Carefully-managed cooperative associations, however, may ensure that all of these threshold requirements are met. The question then remains, what conduct is within the Act's exemption from antitrust scrutiny? Case law has made clear that the "marketing" exemption extends to some post-production supply control methods intended to stabilize prices, such as a temporary agreement to withhold product from the market; (18) a lawsuit by a cooperative to prevent its members from selling outside the cooperative marketing agreement; (19) and option agreements by a cooperative to purchase excess supply from its members. (20) What remains unclear is whether agricultural cooperatives may also agree to control supply by limiting the amount their members may produce in the first place.
This Article concludes that agreements by a cooperative to limit the production of an agricultural commodity do not qualify for Capper-Volstead protection. None of the standard sources of statutory interpretation--the plain language of the statute, direct statements of congressional intent, or evidence of the purpose of the legislation--suggest that Congress intended to permit farmers to raise prices by agreeing to produce less. The textual exception for "marketing," while susceptible to multiple interpretations, does not easily extend to agreements not to produce. This interpretation is strengthened when the statute is read as a whole, including the prohibition in Section 2 on conduct by cooperatives that unduly enhances consumer prices. And while the floor debates are ambiguous as to whether Congress contemplated pre-production supply controls, the legislative history makes clear that Congress's purpose in enacting the exemption was to eliminate the monopsony power wielded by intermediary purchasers of agricultural products, while simultaneously protecting consumers from higher food prices. Today, the substantial market power enjoyed by large agricultural cooperatives has successfully eliminated the problem of predatory "middlemen" in those markets. Allowing cooperatives to enter into agreements with members to limit production can only raise farm prices by charging consumers more, in contravention of the Act's clear purpose to protect consumers.
In Part I, this Article reviews the allegations of production-limiting agreements by cooperatives in the eggs, potatoes, mushrooms, and milk markets. Since the purpose of this Article is to offer a close reading of the Capper-Volstead Act, the Act is laid out in Part II. In Part III, an interpretation based on a textualist reading, supplemented by canons of statutory construction, point to the conclusion that Capper-Volstead does not extend to preproduction agreements to limit supply. Part IV canvasses the (slender) committee reports and (extensive) floor debates, which set forth scant discussion and conflicting statements on the question of production controls. Finally, Part V reviews federal farm policy on supply controls to support the conclusion that Congress did not intend the Act to permit private economic actors to raise consumer prices by limiting production.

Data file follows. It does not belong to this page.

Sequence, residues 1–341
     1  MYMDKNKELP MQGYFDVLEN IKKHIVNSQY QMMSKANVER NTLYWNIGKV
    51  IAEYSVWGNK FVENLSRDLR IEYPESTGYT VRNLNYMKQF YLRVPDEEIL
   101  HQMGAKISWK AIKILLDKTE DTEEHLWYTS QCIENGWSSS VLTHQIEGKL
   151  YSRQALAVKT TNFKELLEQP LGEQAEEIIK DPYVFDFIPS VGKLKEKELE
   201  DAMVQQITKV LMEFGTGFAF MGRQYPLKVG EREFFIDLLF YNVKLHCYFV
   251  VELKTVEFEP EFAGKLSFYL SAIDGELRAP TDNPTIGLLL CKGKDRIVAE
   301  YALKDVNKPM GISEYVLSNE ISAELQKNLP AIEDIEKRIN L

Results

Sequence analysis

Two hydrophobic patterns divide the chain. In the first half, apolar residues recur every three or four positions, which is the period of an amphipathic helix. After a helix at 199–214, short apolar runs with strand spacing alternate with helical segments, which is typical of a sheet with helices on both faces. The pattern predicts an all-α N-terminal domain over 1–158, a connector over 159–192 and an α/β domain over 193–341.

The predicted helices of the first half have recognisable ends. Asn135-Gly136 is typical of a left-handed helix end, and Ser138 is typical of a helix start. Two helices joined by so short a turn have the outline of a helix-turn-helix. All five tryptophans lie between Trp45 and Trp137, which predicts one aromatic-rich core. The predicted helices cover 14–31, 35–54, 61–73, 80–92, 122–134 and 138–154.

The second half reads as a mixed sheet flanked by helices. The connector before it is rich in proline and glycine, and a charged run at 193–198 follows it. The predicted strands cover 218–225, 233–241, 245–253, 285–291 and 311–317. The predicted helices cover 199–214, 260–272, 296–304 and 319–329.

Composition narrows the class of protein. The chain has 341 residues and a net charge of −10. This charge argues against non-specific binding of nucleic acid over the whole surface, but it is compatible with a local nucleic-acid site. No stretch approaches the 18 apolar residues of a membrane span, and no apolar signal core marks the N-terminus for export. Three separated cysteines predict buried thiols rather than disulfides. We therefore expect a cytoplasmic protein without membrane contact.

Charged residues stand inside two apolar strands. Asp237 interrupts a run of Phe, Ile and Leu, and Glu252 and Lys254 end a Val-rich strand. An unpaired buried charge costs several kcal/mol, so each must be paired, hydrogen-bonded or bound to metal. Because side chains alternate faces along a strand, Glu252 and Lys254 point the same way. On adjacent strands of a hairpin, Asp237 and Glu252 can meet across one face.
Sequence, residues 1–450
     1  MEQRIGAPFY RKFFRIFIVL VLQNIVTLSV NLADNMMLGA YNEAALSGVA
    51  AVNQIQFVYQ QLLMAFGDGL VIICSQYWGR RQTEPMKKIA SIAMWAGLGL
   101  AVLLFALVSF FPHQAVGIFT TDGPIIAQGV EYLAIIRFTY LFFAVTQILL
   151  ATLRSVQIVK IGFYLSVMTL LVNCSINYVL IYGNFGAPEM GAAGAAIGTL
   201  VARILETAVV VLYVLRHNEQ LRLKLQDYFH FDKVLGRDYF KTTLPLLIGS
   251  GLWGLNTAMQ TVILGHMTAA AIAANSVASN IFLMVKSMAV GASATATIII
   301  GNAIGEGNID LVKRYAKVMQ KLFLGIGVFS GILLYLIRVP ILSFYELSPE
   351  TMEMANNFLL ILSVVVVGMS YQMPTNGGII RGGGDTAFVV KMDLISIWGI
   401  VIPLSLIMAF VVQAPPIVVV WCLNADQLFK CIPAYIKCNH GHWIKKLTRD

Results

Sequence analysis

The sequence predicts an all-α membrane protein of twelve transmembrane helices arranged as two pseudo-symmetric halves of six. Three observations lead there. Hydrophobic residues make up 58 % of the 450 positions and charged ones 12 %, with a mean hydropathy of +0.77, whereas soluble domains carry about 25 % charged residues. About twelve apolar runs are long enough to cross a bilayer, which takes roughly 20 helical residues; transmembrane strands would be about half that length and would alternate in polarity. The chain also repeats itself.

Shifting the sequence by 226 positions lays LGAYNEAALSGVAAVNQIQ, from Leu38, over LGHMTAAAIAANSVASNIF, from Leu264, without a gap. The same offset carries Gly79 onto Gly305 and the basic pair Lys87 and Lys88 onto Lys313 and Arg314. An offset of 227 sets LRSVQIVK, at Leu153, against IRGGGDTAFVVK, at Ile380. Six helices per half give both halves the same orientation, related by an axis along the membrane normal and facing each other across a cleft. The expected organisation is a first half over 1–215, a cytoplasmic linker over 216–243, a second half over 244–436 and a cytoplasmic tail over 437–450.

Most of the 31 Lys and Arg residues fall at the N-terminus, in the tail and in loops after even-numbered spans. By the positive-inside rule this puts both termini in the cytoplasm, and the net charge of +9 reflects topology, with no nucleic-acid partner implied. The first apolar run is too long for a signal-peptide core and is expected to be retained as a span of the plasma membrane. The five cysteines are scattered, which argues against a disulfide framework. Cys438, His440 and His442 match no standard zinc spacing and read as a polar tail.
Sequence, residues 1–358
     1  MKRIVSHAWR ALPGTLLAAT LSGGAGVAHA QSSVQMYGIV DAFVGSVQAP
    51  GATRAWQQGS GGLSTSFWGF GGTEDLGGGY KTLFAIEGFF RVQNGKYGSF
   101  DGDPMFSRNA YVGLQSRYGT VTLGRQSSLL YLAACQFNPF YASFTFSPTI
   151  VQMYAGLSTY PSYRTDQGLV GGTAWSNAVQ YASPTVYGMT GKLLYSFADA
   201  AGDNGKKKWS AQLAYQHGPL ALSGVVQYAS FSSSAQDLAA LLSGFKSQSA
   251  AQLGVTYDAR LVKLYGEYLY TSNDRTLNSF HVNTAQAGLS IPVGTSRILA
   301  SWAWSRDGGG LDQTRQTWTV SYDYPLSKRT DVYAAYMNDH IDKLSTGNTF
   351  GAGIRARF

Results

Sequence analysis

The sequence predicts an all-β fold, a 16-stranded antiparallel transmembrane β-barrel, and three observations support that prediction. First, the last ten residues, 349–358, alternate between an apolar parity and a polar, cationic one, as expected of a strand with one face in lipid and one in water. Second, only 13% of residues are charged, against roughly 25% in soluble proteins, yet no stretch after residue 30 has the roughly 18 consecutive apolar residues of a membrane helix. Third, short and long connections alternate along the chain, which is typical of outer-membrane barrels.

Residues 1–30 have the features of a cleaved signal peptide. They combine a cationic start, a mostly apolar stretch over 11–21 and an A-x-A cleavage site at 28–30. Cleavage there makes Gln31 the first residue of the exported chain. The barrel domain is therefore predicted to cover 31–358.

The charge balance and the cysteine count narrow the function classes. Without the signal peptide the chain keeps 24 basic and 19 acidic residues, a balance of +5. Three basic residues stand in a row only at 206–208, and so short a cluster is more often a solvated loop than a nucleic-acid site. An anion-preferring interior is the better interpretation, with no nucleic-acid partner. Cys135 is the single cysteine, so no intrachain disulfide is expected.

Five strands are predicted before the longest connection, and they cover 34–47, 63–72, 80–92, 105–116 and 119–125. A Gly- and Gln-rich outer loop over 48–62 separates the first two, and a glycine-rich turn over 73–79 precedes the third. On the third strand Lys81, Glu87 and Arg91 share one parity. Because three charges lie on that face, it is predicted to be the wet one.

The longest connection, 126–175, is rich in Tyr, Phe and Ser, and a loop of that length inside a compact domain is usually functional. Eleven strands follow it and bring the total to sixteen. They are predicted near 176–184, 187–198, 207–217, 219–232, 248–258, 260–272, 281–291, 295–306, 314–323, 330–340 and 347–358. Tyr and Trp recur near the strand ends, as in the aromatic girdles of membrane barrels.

Just because conduct is not exempt from antitrust scrutiny under the Capper-Volstead Act does not necessarily mean it will violate antitrust laws. Such allegations would have to be proven like any other antitrust claim, and the courts may apply a rule of reason analysis that tends to shield such actions from liability. Further research is necessary to consider the likely fate of production-limiting agreements in light of federal court interpretations of Section 1 of the Sherman Act. (21) Losing the Capper-Volstead exemption by itself would, however, impose real costs on cooperatives, which would either have to avoid such conduct or factor in the cost of defending Sherman Act claims. Loss of the exemption would offer consumers potential benefits against supracompetitive prices, since output limitation measures by cooperatives would be subject to antitrust scrutiny and may be held to violate antitrust laws.
OUTPUT-LIMITING AGREEMENTS IN THE COURTS
In the cases pending before federal courts, plaintiffs point to a variety of programs by defendant cooperatives that have the goal of reducing the overall supply of the relevant agricultural commodity. In most of these cases, defendants do not deny the thrust of the allegations: that members of the cooperative agreed to a program of coordinated action that had the purpose and effect of reducing supply and raising prices. Instead, defendants claim that their conduct is protected by the Capper-Volstead exemption. The types of agreements vary based on the commodity produced and involve different levels of coordinated action at the member and the cooperative levels.
Eggs: Reducing the Number of Laying Hens
In the eggs litigation, the actions involve claims by both direct and indirect purchasers of shell eggs and processed egg products. (22) The defendants include individual egg and egg products producers and industry associations, United Egg Producers, Inc. ("UEP") and United States...